New at the White House this holiday season: penguins, snowmen and snow women, and hanging snowflakes.
Returning this season: larger-than-life replicas of dogs Bo and Sunny, an 18 1 / 2-foot Blue Room tree dedicated to military families, and a gingerbread White House – covered in dark chocolate, instead of white chocolate as in years past, and weighing in at nearly 500 pounds.
President Barack Obama and his wife, Michelle, expect to welcome more than 68,000 guests in the weeks before Christmas.
They’ll be greeted at the East Wing entrance by a family of plywood penguins before walking down a hallway with paper snowflakes hanging overhead. There’s one snowflake for each state and U.S. territory, along with others made by local schoolchildren who adorned them with hand-written wishes.
Outside the hallway windows, 56 snowmen and women, some wearing hats and scarves or earmuffs, look on from the first lady’s garden.
The first lady unveiled the decorations Wednesday, Dec. 2, giving military families the first peek. Afterward, she led a group of children dressed in their finest clothes to the East Room where they prepared crafts and treats with help from the White House executive chef, head pastry chef and head florist.
Mrs. Obama said celebrating the start of the season with military families is an important part of her family’s White House tradition.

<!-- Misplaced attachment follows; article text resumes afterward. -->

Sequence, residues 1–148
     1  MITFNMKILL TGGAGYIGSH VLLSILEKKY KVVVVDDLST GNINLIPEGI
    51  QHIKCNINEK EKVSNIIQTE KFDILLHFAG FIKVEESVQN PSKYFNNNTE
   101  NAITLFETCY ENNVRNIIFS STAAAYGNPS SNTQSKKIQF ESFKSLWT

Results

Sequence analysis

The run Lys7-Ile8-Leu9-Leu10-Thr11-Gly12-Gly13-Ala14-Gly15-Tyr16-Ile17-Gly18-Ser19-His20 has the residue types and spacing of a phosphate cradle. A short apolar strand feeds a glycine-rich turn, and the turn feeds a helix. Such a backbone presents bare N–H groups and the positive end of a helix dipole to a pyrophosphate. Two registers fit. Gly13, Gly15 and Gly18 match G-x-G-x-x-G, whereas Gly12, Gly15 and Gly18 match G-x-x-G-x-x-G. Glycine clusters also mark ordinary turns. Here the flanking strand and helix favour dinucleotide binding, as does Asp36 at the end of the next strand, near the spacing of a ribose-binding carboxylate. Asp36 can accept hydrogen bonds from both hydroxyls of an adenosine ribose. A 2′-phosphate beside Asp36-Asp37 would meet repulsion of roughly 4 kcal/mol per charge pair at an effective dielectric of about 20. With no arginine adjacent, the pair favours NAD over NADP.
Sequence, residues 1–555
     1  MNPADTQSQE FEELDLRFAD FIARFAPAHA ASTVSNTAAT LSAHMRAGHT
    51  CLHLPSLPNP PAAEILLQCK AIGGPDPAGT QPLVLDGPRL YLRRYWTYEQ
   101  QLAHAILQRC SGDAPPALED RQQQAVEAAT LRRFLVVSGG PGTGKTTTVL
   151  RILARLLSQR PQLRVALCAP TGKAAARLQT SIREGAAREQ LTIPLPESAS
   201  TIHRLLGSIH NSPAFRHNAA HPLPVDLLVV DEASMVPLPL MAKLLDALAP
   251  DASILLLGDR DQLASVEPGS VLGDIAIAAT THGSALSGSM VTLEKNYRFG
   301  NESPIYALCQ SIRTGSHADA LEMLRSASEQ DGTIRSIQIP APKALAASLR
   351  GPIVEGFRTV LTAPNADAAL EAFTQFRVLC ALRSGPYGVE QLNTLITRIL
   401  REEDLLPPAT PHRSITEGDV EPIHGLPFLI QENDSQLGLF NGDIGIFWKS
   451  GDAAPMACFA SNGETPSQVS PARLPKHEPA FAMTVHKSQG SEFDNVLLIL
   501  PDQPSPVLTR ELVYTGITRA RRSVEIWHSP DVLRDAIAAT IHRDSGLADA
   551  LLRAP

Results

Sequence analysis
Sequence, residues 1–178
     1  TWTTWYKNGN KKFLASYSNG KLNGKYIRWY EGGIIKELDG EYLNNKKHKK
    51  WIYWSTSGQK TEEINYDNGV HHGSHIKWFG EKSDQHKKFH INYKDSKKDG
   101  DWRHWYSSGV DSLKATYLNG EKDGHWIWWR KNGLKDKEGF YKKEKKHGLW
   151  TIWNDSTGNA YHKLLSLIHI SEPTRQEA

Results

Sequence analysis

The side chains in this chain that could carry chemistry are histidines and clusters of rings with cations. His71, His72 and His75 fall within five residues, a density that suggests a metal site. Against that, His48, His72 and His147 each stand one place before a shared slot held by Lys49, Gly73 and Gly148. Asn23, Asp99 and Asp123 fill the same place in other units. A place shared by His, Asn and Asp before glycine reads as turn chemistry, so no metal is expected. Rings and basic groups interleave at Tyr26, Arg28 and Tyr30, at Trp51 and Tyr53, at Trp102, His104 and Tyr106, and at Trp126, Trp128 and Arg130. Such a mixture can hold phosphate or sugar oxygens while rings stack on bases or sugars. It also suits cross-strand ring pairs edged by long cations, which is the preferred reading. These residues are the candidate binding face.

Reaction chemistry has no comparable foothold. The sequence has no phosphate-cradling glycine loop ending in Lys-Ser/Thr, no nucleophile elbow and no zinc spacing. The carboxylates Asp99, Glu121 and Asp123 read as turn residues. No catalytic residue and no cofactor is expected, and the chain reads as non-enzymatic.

“We do this because of everything that you all do every day to make our country great,” she said. Mrs. Obama and Jill Biden, the wife of Vice President Joe Biden, started a nationwide campaign in 2011 to generate more public support for active-duty and retired service members and their families.
In all, some 62 trees and 70,000 ornaments, most of them reused from years past, decorate the White House.
The Fraser fir that dominates the Blue Room features messages to U.S. troops from their families on a ribbon that wraps around the tree. Its decorations were inspired by the stars and stripes of the U.S. flag. Each family will receive their portion of the ribbon after the holidays as a keepsake.
Some 55,000 feet of black yarn was knitted into 7,000 pom-poms that were used to make the Bo and Sunny replicas.
Nearly 90 volunteers from across the country spent from the day after Thanksgiving through early this week decorating the building. Among them was first-time volunteer Cheryl Forbes, who said she was surprised to end up working in the Oval Office.
“It took me a minute to take it all in,” said Forbes, a vice principal at a charter school in Bronx, New York. “Just to see where a president sits, it’s indescribable.”